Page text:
Copyright is a form of intellectual property protection provided by the laws of the United States for “original works of authorship,” including literary, dramatic, musical, architectural, cartographic, choreographic, pantomimic, pictorial, graphic, sculptural, and audiovisual creations. “Copyright” literally means the right to copy but has come to mean that body of exclusive rights granted by law to copyright owners for protection of their work. Copyright protection does not extend to any idea, procedure, process, system, title, principle, or discovery, which are protectable under patent law. Similarly, names, titles, short phrases, slogans, familiar symbols, mere variations of typographic ornamentation, lettering, coloring, and listings of contents or ingredients are not subject to copyright.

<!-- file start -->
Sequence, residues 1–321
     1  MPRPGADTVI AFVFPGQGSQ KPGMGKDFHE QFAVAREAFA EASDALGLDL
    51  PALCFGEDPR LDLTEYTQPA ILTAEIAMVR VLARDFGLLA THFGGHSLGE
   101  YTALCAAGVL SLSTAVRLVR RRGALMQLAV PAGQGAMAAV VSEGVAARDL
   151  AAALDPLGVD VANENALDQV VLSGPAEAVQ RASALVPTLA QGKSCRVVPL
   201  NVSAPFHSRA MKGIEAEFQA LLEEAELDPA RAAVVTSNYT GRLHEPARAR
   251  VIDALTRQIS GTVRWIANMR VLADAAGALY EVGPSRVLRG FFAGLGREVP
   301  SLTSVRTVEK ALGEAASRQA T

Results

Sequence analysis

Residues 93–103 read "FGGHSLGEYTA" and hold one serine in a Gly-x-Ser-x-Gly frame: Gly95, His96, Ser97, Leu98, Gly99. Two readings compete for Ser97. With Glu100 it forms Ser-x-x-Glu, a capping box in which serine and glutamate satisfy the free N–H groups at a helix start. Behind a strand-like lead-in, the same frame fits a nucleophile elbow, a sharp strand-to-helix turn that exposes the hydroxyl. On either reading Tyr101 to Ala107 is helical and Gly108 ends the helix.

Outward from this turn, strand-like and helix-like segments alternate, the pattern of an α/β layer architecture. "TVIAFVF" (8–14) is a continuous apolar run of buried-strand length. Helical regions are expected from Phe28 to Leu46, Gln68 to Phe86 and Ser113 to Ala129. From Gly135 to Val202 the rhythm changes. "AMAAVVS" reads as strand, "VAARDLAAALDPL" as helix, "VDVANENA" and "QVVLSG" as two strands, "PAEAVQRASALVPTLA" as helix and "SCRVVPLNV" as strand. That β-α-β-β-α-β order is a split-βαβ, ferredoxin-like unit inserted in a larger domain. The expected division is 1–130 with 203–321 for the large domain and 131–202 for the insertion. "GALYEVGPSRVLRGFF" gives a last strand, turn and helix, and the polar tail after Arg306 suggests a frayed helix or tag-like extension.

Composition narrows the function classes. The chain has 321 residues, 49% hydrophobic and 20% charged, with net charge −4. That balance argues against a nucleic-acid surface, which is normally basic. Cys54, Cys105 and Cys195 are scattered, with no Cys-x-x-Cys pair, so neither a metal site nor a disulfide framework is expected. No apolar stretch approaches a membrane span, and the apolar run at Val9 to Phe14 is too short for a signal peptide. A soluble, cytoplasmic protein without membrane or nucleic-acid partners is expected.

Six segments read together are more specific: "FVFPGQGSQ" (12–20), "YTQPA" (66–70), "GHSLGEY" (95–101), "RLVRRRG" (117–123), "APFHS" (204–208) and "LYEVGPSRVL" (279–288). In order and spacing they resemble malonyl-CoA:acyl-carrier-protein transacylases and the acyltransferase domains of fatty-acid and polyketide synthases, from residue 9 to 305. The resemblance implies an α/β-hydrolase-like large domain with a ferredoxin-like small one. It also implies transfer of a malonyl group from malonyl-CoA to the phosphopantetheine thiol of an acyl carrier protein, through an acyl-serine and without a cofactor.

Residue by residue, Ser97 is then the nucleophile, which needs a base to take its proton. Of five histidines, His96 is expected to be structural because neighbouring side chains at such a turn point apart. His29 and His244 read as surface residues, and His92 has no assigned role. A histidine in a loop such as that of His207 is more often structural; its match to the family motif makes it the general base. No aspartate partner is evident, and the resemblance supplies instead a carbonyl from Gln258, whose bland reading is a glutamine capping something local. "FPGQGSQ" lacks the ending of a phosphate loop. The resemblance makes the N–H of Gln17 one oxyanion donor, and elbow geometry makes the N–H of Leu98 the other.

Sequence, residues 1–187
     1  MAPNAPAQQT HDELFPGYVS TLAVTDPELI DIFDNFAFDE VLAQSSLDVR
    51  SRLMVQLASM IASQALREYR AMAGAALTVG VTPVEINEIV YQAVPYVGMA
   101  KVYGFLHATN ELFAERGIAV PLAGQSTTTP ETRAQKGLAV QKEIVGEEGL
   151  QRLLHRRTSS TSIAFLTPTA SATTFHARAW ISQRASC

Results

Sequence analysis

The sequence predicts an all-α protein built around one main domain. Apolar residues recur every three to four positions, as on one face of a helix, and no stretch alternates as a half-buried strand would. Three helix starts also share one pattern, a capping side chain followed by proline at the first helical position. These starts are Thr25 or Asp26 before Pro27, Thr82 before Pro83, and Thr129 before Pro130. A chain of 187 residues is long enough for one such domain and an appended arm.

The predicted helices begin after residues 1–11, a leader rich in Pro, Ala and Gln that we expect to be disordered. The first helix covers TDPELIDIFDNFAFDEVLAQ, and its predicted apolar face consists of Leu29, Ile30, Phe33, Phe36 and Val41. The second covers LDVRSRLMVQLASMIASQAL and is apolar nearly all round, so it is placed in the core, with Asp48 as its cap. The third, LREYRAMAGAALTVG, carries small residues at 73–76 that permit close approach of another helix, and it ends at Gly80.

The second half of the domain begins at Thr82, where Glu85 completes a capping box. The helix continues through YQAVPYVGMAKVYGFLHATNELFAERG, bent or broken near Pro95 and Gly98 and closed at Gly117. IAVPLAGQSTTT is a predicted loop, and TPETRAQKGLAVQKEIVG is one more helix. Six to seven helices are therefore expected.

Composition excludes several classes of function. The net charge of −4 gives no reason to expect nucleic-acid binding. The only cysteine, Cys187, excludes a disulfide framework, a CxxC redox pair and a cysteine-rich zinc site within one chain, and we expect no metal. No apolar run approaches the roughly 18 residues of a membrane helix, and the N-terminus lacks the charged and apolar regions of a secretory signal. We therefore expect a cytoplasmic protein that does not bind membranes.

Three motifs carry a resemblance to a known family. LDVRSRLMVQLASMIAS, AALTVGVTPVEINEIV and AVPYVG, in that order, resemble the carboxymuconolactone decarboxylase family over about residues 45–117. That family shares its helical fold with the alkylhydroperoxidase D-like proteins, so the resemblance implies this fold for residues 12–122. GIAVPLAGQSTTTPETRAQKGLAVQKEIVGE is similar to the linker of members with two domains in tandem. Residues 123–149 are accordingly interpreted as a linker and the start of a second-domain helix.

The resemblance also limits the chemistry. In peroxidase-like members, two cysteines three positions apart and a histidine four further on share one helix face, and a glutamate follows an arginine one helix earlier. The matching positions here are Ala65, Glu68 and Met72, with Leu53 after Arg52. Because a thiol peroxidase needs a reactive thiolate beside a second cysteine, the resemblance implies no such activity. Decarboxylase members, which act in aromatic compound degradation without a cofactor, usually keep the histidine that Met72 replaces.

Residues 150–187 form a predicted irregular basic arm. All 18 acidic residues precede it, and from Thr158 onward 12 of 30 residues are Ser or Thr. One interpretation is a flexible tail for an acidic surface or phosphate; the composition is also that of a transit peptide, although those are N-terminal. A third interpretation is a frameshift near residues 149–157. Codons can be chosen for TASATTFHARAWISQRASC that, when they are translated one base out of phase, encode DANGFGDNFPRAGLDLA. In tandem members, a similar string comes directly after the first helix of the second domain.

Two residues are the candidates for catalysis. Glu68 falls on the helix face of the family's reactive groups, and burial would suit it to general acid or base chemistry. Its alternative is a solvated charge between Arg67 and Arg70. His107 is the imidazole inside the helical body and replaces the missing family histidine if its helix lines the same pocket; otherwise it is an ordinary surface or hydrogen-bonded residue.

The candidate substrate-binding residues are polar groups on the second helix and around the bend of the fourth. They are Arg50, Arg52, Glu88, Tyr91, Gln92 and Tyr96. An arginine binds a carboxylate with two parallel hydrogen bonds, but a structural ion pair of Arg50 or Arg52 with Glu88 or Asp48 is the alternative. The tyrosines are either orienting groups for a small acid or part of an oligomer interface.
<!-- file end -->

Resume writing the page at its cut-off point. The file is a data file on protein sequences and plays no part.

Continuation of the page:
Copyright protection of original works of authorship begins the moment the work is attached to a tangible medium, such as a piece of paper. Although registering an authored work with the U.S. Copyright Office is not required to have a copyright, there are significant benefits in doing so. For instance, if you wish to bring a lawsuit for infringement of a U.S. work, you must have registered the work with the U.S. Copyright Office.